How do I use the new Support Vector Machine Regression model to simulate the response of new predictors?

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I’m trying out the new SVM regression capabilities that came with 2015b by following the example from the documentation as much as possible but I don’t fully get it to work. I want to train a SVM regression model on historical data and then feed it new predictors and simulate the response of the target variable. What I have tried is:
%Fit a SVM regression model to data in tbl where all columns are predictors except ‘Target’ which is the response variable.
mdl = fitrsvm(tbl,'Target','KernelFunction','gaussian','KernelScale','auto','Standardize',true);
% Check that the model converged:
conv = mdl.ConvergenceInfo.Converged
% Use the trained model to predict the response of given predictor data:
YFit = predict(mdl, tbl);
So far everything works fine and YFit matched the target data fairly well. However, creating this response is of course pointless since I already have the target data for the data set, what I want to do is give the model new values for the predictors and simulate the response. But when I try to give it that using the same command but with a table containing more predictor data points compared to the training case:
YFit = predict(mdl, NEWtbl); %(NEWtbl is a time extension of the original tbl)
The fit only works for the part of the table that has been used during the fitting, as soon as it goes into predictors that it hasn’t already seen it becomes a horizontal line.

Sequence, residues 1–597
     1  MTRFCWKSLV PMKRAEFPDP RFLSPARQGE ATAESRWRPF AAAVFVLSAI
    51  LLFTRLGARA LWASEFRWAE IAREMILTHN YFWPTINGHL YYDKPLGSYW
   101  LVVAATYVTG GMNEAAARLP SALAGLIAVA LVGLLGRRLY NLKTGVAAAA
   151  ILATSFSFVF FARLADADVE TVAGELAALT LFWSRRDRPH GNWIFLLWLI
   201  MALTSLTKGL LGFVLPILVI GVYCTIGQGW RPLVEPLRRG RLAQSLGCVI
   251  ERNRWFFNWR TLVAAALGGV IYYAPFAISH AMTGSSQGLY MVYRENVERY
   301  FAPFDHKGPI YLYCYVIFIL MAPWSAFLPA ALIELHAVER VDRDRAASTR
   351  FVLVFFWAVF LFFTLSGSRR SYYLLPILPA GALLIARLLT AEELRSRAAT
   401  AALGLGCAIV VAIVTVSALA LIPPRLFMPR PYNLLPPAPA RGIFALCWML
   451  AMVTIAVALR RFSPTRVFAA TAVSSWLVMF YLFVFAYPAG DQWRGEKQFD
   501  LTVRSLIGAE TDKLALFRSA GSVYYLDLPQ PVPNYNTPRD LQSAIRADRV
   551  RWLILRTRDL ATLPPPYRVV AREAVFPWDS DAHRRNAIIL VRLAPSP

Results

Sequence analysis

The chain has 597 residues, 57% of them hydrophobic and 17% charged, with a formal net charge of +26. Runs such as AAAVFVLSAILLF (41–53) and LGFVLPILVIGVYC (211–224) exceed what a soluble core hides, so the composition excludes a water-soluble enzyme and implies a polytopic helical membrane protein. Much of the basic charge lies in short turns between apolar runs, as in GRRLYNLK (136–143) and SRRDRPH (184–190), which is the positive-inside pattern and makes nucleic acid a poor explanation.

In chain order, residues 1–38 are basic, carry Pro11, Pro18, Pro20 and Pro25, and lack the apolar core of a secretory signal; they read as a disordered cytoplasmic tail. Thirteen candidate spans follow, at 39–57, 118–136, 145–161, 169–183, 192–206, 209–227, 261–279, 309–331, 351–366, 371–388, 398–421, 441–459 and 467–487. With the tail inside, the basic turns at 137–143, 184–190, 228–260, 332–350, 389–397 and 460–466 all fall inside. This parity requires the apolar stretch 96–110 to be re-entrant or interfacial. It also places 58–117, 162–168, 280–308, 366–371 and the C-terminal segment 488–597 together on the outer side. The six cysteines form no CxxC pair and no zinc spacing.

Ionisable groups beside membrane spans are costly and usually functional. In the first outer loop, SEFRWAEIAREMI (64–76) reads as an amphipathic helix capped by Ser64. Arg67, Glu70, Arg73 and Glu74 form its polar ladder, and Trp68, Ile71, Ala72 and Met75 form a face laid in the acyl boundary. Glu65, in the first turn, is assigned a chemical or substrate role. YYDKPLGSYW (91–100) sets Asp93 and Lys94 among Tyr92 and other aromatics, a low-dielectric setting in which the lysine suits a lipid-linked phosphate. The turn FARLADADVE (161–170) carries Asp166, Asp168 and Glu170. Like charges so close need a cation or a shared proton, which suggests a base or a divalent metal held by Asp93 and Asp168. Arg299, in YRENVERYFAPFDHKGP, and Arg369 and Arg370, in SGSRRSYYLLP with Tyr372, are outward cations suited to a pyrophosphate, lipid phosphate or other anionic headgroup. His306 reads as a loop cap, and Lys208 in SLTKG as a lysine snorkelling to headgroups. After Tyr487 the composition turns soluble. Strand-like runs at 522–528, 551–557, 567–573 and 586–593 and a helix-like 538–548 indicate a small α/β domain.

Which commands am I supposed to use to predict the response of unseen data?
Thanks.

Accepted Answer

Ilya
Ilya on 6 Sep 2015
This likely means that some variables in the new data have values well outside their ranges in the training data. Think about what the Gaussian kernel means and what response you get from an SVM model when a test point is far away from all points in the training set.
You would have more luck with other models such as say linear SVM in the sense that you wouldn't get a constant prediction for points outside the training set support. Yet you'd have to be very careful interpreting such predictions. SVM and similar models generally require that new data have the same support as the training data do.
  2 Comments
Ilya
Ilya on 7 Sep 2015
Normalizing the data could help. Increasing the respective tolerance would make the algorithm run for fewer iterations. The lack of convergence indicates that your data are not described by a linear model that well.
The most productive thing you could do is find variables that do not have the same support in the new data as in the training data and figure out what to do about them. This depends on the specifics of your problem and has nothing to do with SVM. Trying various models and hoping that extrapolation outside the training set would give a sensible answer can easily steer you to wrong conclusions.

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